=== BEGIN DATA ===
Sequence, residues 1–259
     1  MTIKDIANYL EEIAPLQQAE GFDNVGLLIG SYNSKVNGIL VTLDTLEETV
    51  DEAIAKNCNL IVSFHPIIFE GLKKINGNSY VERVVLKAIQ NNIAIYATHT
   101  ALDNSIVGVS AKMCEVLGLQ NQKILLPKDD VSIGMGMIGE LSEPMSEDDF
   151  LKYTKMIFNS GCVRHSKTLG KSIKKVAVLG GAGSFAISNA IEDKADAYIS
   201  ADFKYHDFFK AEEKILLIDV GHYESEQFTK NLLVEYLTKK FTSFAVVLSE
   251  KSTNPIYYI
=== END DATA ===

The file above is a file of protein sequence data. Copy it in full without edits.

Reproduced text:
Sequence, residues 1–259
     1  MTIKDIANYL EEIAPLQQAE GFDNVGLLIG SYNSKVNGIL VTLDTLEETV
    51  DEAIAKNCNL IVSFHPIIFE GLKKINGNSY VERVVLKAIQ NNIAIYATHT
   101  ALDNSIVGVS AKMCEVLGLQ NQKILLPKDD VSIGMGMIGE LSEPMSEDDF
   151  LKYTKMIFNS GCVRHSKTLG KSIKKVAVLG GAGSFAISNA IEDKADAYIS
   201  ADFKYHDFFK AEEKILLIDV GHYESEQFTK NLLVEYLTKK FTSFAVVLSE
   251  KSTNPIYYI